how can I plot the data (x,y)by knowing a and b and x values?

x = {0.2, 11, 16};
y = Exp[(-a*x - b*x^2)];
a = {0.510, 0.280, 0.250};
b = {0.380, 0.240, 0.330};
  • $\begingroup$ Please clarify your specific problem or provide additional details to highlight exactly what you need. As it's currently written, it's hard to tell exactly what you're asking. $\endgroup$
    – Community Bot
    Jun 29 at 3:50

2 Answers 2


x = {0.2, 11, 16};
a = {0.510, 0.280, 0.250};
b = {0.380, 0.240, 0.330};
y[a_, b_, x_] := Exp[(-a*x - b*x^2)];

  LogPlot[y[av, bv, xv], {xv, 0, 20},
   PlotRange -> All,
   AxesLabel -> (Style[#, 14] & /@ {"x", "y"}),
   PlotLabel -> StringForm["y = ``", y[av, bv, "x"]]],
   Tooltip[{#, y[av, bv, #]},
      {#, y[av, bv, #]} /.
       z_Real :> NumberForm[z, {5, 2}]] & /@ x,
   PlotStyle -> Red],
  PlotRangeClipping -> False],
 {{av, a[[1]], "a"}, a},
 {{bv, b[[1]], "b"}, b}]

enter image description here


I'm going to assume that we want a and b values to be more like parameters and that we want x to be our function argument. You could certainly just munge them all together, but I'll proceed with my assumptions.

Let's first take a look at the Table function. You can use it to create a list by evaluating some given expression for a set of values specified for some variable that appears in the expression. So, we can provide values for a and b like this (the {a,b} is just for illustration at this point--we'll replace it with your actual function later):

Table[{a, b}, {a, {0.510, 0.280, 0.250}}, {b, {0.380, 0.240, 0.330}}]

The result looks like this:

{{{0.51, 0.38}, {0.51, 0.24}, {0.51, 0.33}}, {{0.28, 0.38}, {0.28, 0.24}, {0.28, 0.33}}, {{0.25, 0.38}, {0.25, 0.24}, {0.25, 0.33}}}

Notice the structure. We have three larger "chunks" and each consists of three pairs. This is all because of the size of your value sets for a and b. Okay, so it's easy to replace {a,b} with your exponential expression (I'm going to save this to the variable functions):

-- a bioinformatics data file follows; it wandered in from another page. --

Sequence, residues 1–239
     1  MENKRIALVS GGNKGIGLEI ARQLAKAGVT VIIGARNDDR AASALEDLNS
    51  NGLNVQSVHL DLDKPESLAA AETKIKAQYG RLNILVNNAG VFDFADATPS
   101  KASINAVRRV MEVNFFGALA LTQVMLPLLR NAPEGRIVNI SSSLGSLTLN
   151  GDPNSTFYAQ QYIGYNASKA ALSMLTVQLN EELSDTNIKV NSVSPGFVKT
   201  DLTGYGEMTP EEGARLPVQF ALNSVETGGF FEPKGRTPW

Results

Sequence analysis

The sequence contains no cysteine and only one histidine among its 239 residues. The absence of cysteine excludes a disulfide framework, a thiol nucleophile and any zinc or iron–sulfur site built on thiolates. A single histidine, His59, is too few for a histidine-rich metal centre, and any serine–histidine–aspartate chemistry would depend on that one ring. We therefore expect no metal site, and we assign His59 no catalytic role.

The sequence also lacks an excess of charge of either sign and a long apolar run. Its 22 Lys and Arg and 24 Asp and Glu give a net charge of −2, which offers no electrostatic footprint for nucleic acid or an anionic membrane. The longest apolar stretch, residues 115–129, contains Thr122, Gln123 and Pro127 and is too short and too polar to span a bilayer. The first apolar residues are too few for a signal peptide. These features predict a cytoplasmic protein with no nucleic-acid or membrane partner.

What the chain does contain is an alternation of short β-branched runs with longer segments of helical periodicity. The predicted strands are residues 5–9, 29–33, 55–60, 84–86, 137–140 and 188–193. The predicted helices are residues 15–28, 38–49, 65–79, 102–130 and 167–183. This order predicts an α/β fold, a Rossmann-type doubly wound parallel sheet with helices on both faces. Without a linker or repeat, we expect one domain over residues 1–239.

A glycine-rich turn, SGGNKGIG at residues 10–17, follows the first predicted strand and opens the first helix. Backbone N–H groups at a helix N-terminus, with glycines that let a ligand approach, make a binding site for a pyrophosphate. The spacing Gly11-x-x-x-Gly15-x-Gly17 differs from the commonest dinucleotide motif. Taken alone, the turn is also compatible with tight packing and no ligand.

functions = 
  Table[Exp[(-a*x - b*x^2)], {a, {0.510, 0.280, 0.250}}, {b, {0.380, 0.240, 0.330}}]

The first "chunk" of data is where we fixed the value of a and let the value of b range over the values you provided. And so forth for the other "chunks". We can access any one of these chunks easily--here's the first "chunk":


The result is:

{E^(-0.51*x - 0.38*x^2), E^(-0.51*x - 0.24*x^2), E^(-0.51*x - 0.33*x^2)}

Now we're ready to move on to plotting. There are tons of plotting functions, but I'm guessing that the one you want is DiscretePlot. We can plot the first "chunk" as points where x takes on the values you provided:

DiscretePlot[functions[[1]], {x, {0.2, 11, 16}}]

You should see a plot with nine points. If you want all 27 points, then let's remove the "chunk" structure with Flatten, and plot all of them:

DiscretePlot[Flatten[functions], {x, {0.2, 11, 16}}]

You should now see 27 points. When I did this, some points were too close together to easily distinguish. Not sure if that's intentional (or maybe I made a mistake in the above).

Your question was a bit vague, so it's entirely likely that this isn't what you wanted. There are many, many other ways to "plot" things, so if you want to provide more detail, we can give better answers.


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